V-cs have brought the teaching excellence framework on themselves

It is wrong for universities to ignore learning, says Anthony Seldon

November 19, 2015
Man punching himself in face with boxing glove

The higher education Green Paper has already stirred considerable controversy. Few aspects have caused more concern than what it has to say about the teaching excellence framework (TEF), with Andrew Hamilton, the outgoing vice-chancellor of the University of Oxford, warning that it could send negative messages to the world about the quality of teaching at British universities. If any other v-cs agree with him, they have only themselves to blame for failing to provide the quality of leadership of teaching that their students deserve.

I am deeply proud to be a vice-chancellor, having started at the University of Buckingham two months ago. I am very conscious that the UK’s universities rank among the strongest in the world and that the sector as a whole is a shining beacon of excellence. My criticisms, based on 20 years of leading fast-improving and academically excellent schools, are designed to strengthen universities.

Universities have given insufficient attention to one half of their “higher education” description. They are very keen on the “higher” part, but have given insufficient thought to “education”. At worst, “higher” has meant superior, with too little sense that universities are part of an educational continuum, building on the work of schools. Universities could learn much from schools, not the least that excellent teaching and learning do not happen automatically, but have to be learned and developed, as in any other profession. Schoolteachers have an extensive period of initial teacher training, then regular lesson observation, mentoring, self-appraisal and continuous professional development. Harry Brighouse, professor of philosophy at the University of Wisconsin-Madison, writes well on how university teachers can similarly learn.

Another key lesson from schools is that heavy inspection regimes, as those of Ofsted at its worst can be, are counterproductive, bureaucratic, demoralising, and lead to dull and formulaic teaching. As profoundly as I believe that teaching at all universities needs to improve to the standards that can be found in parts of all universities, I do not favour heavy-handed external bodies being created to achieve it. Rather, universities must become self-improving institutions, with external bodies having a very light touch for all those who prove themselves to be worthy of it (there should be no assumption that the old and the eminent are necessarily any better than the new and the less prestigious).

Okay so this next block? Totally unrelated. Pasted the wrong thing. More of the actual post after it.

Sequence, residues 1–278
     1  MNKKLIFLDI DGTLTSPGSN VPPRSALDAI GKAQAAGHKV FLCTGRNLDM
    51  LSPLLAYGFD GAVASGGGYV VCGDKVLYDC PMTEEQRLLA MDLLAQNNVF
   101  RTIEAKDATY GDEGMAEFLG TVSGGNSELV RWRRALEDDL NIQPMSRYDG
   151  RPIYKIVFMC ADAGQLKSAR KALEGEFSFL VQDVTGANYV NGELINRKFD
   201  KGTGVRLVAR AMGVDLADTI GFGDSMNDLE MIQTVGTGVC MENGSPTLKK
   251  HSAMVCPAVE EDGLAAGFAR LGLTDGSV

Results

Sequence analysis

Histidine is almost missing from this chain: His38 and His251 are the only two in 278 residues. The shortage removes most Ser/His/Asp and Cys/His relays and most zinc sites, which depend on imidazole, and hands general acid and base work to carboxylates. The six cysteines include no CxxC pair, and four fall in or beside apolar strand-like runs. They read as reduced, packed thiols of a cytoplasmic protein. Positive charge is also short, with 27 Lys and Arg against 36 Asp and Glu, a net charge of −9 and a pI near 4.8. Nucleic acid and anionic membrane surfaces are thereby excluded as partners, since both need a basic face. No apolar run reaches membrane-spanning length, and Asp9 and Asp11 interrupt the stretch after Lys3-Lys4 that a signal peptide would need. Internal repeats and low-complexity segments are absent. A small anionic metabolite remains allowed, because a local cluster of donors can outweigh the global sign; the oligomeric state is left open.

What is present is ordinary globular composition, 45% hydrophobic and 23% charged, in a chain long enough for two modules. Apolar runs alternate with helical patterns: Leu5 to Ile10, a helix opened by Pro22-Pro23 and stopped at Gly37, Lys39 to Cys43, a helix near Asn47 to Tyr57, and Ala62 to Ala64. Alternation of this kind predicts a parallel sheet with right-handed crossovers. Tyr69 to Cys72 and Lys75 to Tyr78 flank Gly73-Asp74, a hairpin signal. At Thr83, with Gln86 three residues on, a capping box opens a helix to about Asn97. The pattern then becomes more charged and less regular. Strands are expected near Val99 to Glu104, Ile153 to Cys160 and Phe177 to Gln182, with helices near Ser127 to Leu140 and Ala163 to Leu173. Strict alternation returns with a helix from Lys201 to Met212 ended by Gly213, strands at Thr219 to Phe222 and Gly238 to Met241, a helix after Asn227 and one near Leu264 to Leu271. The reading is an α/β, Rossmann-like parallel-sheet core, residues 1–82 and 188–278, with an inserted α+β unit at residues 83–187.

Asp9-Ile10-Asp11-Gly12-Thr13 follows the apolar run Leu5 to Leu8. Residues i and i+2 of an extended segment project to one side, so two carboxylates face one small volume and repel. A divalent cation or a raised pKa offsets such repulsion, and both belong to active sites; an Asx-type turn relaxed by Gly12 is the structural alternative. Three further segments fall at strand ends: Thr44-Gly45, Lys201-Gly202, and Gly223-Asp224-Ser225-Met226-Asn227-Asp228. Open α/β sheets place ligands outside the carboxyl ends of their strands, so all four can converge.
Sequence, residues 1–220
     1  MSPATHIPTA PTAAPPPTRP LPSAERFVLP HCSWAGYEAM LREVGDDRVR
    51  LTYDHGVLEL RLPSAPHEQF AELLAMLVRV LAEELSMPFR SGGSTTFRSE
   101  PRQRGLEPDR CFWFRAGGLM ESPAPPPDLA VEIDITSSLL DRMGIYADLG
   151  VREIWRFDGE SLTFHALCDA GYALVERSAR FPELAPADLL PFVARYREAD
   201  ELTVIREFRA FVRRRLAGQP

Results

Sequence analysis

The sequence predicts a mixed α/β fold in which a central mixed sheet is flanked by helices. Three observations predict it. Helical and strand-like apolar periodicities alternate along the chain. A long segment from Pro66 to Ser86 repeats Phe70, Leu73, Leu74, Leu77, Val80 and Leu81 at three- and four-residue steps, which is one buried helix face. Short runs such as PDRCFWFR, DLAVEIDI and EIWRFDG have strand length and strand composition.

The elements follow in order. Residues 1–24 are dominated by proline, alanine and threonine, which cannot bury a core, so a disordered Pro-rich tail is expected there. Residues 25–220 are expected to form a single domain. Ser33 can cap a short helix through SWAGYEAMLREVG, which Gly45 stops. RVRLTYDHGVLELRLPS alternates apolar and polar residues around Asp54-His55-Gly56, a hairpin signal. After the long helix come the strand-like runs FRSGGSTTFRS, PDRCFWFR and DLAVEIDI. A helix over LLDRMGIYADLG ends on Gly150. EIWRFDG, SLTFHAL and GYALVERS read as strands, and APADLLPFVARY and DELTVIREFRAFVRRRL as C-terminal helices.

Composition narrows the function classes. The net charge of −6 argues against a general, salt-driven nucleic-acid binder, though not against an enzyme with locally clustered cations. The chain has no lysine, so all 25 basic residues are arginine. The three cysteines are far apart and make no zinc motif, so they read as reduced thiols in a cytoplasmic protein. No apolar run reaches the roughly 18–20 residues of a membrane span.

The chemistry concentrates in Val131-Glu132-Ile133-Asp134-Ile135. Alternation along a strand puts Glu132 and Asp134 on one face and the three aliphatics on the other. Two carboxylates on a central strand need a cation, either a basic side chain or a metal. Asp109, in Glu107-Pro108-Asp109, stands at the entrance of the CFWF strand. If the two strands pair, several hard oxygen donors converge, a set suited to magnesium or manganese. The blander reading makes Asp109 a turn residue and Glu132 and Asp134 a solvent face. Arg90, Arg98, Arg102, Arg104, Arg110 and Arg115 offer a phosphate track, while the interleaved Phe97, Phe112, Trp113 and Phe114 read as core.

Teaching and learning must focus on three key areas. The students should be engaged, they should make progress and the academic should evaluate and give constructive feedback on their work. All academics can learn how to improve at these, but to do so requires a certain humility and a willingness to learn. It should be made clear that it is no longer acceptable for any academic who is involved in teaching to remain aloof from learning. No one would accept legal advice from a lawyer, or medical advice from a doctor, who had not been trained and was not part of a regular professional development process.

All universities should immediately step up several gears in their commitment to professional teaching. There is much to be learned from the Higher Education Academy about improving teaching. Institutions could develop their own qualifications, as the University of Buckingham is planning to do from 2016 with its “teaching excellence qualification”. Every university should have a leader on its senior team appointed expressly to oversee the quality of teaching and learning, as happens in schools, and heads of faculty must see themselves as leaders of education and not just as leaders of research. Student feedback should be absolutely at the heart of the entire evaluation process. Undergraduates know better than anyone, and certainly better than outside bodies, who are the good lecturers and teachers.

Vice-chancellors have only themselves to blame that the government has now felt the need to impose the TEF. The lack of leadership on education and teaching from some v-cs in the past should not be an excuse for their inactivity in the future. Universities need less, not more, bureaucracy and government interference, but they must show themselves worthy of the autonomy by providing excellent teaching across the board.

Sir Anthony Seldon is vice-chancellor of the University of Buckingham.

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Print headline: Self-inflicted TEF

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